Pros and Cons of Predictive Lead Scoring
There are numerous obvious benefits to predictive lead scoring. But there are some limitations too. This article will help you weigh up the pros and cons of predictive lead scoring.
Do you know if predictive lead scoring is right for your business? Check out “Who is Predictive Lead Scoring For?“and “7 Questions for those Considering Predictive Lead Scoring + bonus free checklist“.
Benefits of predictive lead scoring:
It is data driven – no more relying on guesswork or human judgement
Unlike traditional lead scoring, predictive lead scoring isn’t subjective. Previously, sales executives would determine the most important factors influencing a sale and use that to score prospects. However, leaving it up to sales executives means being vulnerable to human error. No matter how much experience your sales teams have – they will make errors in judgement when determining the difference between a good lead and a bad one. They can only use their own assumptions and guesses to score leads. Choosing the wrong factors will lead the company to pursue the wrong customers, wasting time, resources and money. Predictive lead scoring takes out the risk of relying on human judgement.
Predictive Lead Scoring is quicker and more comprehensive than traditional methods
Once a predictive lead scoring model is developed it can evaluate leads faster and more effectively than traditional methods. It can also effectively pull a huge amount of data from more sources, integrating not only internal data but data from third parties and the web. Thus, it can create a far more complete and detailed profile, leading to more accurate scoring.
Predictive lead scoring models also pull from different types of data more effectively. Not only do they use demographic data (like the prospects’ name, job title, email address), but behavioral data too. What web pages do they visit before they buy? Etc.
In today’s day an age where data is generated at exponential levels each day, machine learning is essential to stay on top and ensure your team is running as efficiently as it can. These machine learning algorithms can deliver data-driven high-quality leads to the sales team, meaning that they don’t have to devote time and resources to sorting out how to score and prioritize their leads.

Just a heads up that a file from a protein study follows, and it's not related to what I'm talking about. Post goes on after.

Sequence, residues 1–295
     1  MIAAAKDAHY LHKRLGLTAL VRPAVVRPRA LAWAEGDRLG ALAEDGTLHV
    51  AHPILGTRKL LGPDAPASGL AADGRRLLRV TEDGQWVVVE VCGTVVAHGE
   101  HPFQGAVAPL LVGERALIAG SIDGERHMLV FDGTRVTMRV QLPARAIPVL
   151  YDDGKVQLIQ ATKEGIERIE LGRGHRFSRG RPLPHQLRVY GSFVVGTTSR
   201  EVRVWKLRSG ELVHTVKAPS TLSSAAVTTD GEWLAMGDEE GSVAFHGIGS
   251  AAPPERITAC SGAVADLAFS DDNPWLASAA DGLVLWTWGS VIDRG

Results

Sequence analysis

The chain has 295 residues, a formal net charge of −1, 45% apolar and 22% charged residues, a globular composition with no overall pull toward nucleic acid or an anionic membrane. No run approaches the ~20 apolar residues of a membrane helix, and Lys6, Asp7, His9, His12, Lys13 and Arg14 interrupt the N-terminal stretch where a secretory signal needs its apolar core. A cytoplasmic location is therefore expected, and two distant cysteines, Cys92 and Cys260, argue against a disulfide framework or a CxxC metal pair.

Predictive lead scoring will continue to improve and grow as your business does
The technology for predictive lead scoring is improving each day, while the more data you have on your customers the more leverage you have and the more efficient your lead scoring models will be. Thus, as your business grows, so will the effectiveness and potential of predictive lead scoring.
Align your sales and marketing teams
We all know there has occasionally been some blame shifting or finger pointing between sales and marketing teams. Marketing may claim “you’re not doing enough to close these leads” while Sales may retort, “you’re not providing us with any good leads!” Since predictive lead scoring relies solely on data analytics, it lessens the ability for marketing and sales teams to dispute good leads versus bad leads and why. On the flip side it can align the two teams to make a coordinated effort to reach warm leads and increase productivity.
Limitations of predictive lead scoring
So, are there limitations to predictive lead scoring? Yes, mainly one big limitation. You need data and you need lots of it. The reason why A.I. and machine learning algorithms haven’t been a factor in lead scoring before recent times, is that there simple wasn’t enough data and high-quality data too. In order to train machine learning algorithms to identify patterns and therefore make accurate predictions, you need data from thousands of accounts. If you try it without the requisite data, predictive lead scoring can go very awry. Because it requires a little expertise, predictive lead scoring also requires some expense. Though there are platforms and experts that will help you, they can be costly. Here’s where Displayr can help – stay tuned.
About Lucy Li
Lucy is a writer and editor at Displayr. She previously worked in media and the entertainment news industry before making the jump into data science. Catch her scouring the internet trying to find datasets to answer all the crazy questions she has and trying to make pretty visualizations. An Oxford Comma supporter.